However, I had a project or two to focus my visit: mid-sixties period research with a lesbian slant; and finding out what I could about an obscure periodical, Sisters United, Continue reading

Desperate Housewives

One Touch of Ecstasy, by Gwynne Wimberly, Frederick Fell, Inc. 1959.

Best line: “There’s a reason we teach you correct posture. If your pelvis isn’t tilted forward, the organs in the area are affected unfavorably.”

The Plot: Poor Louise, married and with an eighteen-year-old daughter has never had an orgasm. Ever since that date-rape in college she’s been all twisted up inside, and marriage hasn’t helped–she’s mired in suburban misery. “The hollandaise had been spectacular” but that can’t disguise the fact that her life is one “cruelly civilized evening of superficiality and loneliness” Continue reading

DIY Cheesecake

How I Photograph Myself, by Bunny Yeager, 1964

I pulled this gem from the SFPL’s 3rd floor page desk, which turned out to be quite a production. Apparently the book could only be looked at in a certain spot, a particular table next to the Art and Music reference desk, under the eagle eye of the reference librarian. I speculated it might be because Bunny Yeager’s photographs—pin-ups, cheesecake, calendar art—fell into some theft vulnerability category the librarians have made up. After all, Bunny Yeager is best known for her Betty Page photos, and Betty Page has quite the cult following, what with bio-pic, books, and a store on Haight Street named after her.

I was hoping that the Bunny Yeager book would tell me more about her career—her transformation from pin-up model to photographer (what’s not to like about the theoretically significant male gaze of the typical cheesecake photographer being replaced by the gaze of the model herself on both herself and fellow models?) and particularly the business end of the pin-up photo biz (who bought the pictures? For how much?). Readers of the Lesbian Career Girl series may have figured out that Dolly, who appears in Lois Lenz, Lesbian Secretary, and the forthcoming Maxie Mainwaring, Lesbian Dilettante, is in part inspired by Bunny Yeager.

DIY A-Go-Go!

Turns out, the title is absolutely literal. This is a guide for women who want to make “glamor” photos of themselves and are too shy to go to a professional (the assumption is that means male) photographer.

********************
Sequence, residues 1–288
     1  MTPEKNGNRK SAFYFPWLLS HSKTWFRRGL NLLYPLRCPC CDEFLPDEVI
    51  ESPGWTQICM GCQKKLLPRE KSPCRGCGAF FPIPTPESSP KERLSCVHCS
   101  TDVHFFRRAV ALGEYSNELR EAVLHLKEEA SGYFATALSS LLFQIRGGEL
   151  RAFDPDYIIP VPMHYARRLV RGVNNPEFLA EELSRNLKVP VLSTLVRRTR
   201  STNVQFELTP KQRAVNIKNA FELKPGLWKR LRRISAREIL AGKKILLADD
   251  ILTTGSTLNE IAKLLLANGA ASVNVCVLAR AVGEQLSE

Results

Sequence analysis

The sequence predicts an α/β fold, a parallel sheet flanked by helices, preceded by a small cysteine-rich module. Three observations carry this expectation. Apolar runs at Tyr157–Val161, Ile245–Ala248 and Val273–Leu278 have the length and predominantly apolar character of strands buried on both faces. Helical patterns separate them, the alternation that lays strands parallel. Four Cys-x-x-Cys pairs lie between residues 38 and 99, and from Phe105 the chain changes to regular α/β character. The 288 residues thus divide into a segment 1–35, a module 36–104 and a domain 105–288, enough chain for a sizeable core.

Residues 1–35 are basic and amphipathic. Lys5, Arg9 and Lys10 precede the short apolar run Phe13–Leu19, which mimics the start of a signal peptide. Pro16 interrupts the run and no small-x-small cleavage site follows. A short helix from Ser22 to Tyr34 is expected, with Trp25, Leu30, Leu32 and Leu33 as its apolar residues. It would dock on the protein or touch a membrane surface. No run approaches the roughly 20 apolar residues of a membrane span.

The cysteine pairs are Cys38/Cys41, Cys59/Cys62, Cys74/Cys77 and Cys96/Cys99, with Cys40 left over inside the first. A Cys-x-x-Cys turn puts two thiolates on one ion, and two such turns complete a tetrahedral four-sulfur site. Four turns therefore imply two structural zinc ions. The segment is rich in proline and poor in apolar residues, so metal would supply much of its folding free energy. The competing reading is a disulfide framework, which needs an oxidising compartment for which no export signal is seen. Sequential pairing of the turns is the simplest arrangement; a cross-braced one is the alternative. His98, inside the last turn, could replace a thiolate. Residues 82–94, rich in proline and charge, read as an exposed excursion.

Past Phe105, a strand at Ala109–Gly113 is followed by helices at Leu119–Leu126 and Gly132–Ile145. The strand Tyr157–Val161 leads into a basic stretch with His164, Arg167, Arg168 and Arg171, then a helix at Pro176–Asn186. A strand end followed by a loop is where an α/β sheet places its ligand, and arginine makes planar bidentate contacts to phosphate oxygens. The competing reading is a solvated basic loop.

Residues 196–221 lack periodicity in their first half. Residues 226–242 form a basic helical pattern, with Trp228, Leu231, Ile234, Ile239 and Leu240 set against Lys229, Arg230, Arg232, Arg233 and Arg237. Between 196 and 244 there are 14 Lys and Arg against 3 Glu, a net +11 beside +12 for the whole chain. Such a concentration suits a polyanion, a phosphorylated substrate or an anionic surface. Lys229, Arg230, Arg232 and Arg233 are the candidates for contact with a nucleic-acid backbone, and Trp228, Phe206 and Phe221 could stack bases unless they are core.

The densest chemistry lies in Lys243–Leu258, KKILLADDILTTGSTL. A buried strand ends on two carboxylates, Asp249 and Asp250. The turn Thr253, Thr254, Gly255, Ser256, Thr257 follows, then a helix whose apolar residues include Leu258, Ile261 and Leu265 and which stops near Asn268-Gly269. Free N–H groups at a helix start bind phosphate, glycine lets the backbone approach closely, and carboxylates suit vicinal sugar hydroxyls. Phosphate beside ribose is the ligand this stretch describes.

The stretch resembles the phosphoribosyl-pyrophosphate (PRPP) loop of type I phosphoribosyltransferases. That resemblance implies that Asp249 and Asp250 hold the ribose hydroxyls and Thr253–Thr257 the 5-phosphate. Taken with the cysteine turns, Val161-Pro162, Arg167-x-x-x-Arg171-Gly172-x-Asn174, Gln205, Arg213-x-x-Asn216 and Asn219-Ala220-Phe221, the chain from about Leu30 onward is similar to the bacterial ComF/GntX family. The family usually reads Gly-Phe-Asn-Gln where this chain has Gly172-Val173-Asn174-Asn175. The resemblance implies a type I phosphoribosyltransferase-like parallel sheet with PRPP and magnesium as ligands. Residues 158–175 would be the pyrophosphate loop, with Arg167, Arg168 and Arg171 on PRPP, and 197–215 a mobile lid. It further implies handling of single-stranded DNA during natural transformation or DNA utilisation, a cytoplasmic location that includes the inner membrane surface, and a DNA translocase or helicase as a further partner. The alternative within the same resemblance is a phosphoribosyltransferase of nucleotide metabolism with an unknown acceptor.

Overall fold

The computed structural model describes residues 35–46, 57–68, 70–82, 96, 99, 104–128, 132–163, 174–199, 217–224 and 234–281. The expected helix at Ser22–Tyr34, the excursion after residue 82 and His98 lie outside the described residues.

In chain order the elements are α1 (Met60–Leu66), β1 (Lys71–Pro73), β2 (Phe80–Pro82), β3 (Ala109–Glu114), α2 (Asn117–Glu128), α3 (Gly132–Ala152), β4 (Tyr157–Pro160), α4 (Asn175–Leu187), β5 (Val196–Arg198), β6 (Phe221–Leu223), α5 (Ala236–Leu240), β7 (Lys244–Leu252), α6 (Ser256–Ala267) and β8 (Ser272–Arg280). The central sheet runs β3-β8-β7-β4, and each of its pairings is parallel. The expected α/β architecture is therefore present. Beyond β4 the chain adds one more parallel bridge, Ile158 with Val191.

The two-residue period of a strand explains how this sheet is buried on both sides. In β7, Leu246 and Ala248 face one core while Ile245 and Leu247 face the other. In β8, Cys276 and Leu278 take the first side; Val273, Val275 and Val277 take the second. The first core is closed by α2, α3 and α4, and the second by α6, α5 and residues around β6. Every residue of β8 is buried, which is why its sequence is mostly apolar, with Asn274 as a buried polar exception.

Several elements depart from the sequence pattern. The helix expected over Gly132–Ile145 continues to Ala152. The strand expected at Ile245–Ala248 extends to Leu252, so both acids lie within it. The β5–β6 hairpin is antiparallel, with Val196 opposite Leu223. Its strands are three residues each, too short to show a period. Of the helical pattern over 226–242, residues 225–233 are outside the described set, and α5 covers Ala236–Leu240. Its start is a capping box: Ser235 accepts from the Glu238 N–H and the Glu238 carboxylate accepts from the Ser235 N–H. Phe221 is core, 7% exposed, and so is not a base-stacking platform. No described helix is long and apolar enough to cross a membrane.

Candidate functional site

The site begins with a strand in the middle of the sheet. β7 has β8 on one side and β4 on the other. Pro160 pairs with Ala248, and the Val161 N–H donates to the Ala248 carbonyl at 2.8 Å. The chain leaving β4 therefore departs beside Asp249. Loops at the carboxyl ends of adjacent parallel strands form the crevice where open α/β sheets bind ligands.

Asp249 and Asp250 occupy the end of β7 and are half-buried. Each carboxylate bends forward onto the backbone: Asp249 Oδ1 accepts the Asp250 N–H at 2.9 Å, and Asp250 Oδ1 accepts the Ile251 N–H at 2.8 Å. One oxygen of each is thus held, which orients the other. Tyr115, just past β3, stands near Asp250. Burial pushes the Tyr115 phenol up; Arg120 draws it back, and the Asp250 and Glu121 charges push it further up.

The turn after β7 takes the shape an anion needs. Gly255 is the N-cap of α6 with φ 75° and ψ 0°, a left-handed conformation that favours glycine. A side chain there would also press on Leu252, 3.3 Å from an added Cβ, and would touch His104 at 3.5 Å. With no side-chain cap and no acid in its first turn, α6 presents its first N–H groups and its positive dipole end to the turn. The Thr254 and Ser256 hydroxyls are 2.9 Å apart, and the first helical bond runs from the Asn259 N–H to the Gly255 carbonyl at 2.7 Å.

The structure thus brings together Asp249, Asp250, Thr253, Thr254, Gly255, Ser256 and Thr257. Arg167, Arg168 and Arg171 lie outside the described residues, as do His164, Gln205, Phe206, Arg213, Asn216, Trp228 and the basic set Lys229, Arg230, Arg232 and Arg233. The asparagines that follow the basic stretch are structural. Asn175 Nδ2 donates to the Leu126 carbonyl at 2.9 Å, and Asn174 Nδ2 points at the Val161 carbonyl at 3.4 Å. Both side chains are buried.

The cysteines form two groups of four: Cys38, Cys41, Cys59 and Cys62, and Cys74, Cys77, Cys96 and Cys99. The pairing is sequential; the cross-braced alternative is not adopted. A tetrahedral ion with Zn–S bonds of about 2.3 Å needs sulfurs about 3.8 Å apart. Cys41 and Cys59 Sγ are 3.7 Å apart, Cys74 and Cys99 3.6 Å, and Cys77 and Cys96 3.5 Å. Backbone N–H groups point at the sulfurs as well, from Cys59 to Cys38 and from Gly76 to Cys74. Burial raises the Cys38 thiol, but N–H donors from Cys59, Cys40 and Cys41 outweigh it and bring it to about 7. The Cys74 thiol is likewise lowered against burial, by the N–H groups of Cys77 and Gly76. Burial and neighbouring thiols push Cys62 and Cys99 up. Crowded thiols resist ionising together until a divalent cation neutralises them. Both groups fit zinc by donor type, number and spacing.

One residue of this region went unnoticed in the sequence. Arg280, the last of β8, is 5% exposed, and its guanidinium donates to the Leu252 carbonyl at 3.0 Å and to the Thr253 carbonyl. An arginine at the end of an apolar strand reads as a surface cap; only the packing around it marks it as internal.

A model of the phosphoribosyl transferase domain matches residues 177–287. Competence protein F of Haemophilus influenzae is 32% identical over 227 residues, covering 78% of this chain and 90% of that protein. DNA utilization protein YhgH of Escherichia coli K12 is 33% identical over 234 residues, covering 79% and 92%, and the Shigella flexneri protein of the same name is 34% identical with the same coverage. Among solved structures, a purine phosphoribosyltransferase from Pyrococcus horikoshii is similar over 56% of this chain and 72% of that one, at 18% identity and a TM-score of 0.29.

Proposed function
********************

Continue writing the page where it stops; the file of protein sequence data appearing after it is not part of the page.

As such, it’s a delight. Any time I come across evidence that today’s trends are nothing new, I’m happy. This book takes today’s DIY spirit and applies it to mid-century’s cheesecake photography. Bunny schizophrenically covers topics from both sides of the camera, listing possible poses in one chapter and advising on lighting in the next. She even includes budget-conscious instructions for making a “swimsuit” with a plunging neckline out of a few yards of black wool. This is the one-man-band version of glamor photography.

I learned a lot from this book: the importance of developing multiple smiles, and the many posing possibilities–“standing poses, kneeling poses, reclining poses, sitting poses, poses with props.” (Each category gets its own chart of silhouetted poses to illustrate). I took to heart Bunny’s advice on the importance of props: “Being an experienced model, I can pose for hours without props if I must, but with the addition of these excellent posing assistants, I can go on indefinitely.” One imagines a Guiness Book of World Records entry—longest time spent striking sucessive poses. Props are also helpful for concealing imperfections: “Scars, stretch marks and bruises can be hidden by a prop held gracefully,” she advises. Get out your wagon wheels, towels, and telephones, ladies!

Long before feminists were talking about acceptance for all shapes and sizes, Bunny was there, albeit with a 1964 sensibility. “Near perfection may be obtained with girdles, waist cinchers, padded bras, etc. in everyday life…but what can you do to disguise flaws in the nude figure?” she asks, and answers promptly “Very little.” So just accept your body as it is, she advises. Everyone has some feature worth highlighting in a photograph: “Even when the bosom is impossible to work with, there is always the buttocks and back.”

The book is illustrated abundantly with photos of Bunny, by Bunny. I couldn’t always tell which ones were or weren’t Bunny, probably because of the dazzling array of different smiles, props, and poses she used, not to mention the changing hair color.

Bunny’s matter-of-factness and all-American enthusiasm for her corner of the soft-porn market is infectious: “Come on, admit you like to take off your clothes, and make some good photographs!”

Lesbian Pre-Teens

The tasteful cover is a harbinger of the tedium to be found on this book’s pages

The House in the Mulberry Tree, by Zena Garrett, 1959, Random House

Book Jacket Copy: “Then Elizabeth’s burgeoning, formless emotions, blown hither and yon by the strife around her, crystallized into a youthful and innocent passion for Nonie, nourished by Nonie’s kindness and Elizabeth’s idealization of the relationship that Carter and Nonie seemed to enjoy.”

A dull southern gothic, penned by first-time author and Carson McCullers-wannabe, Zena Garret. The “About the author” blurb gives the reader fair warning: “Her writing career was postponed, however, because Continue reading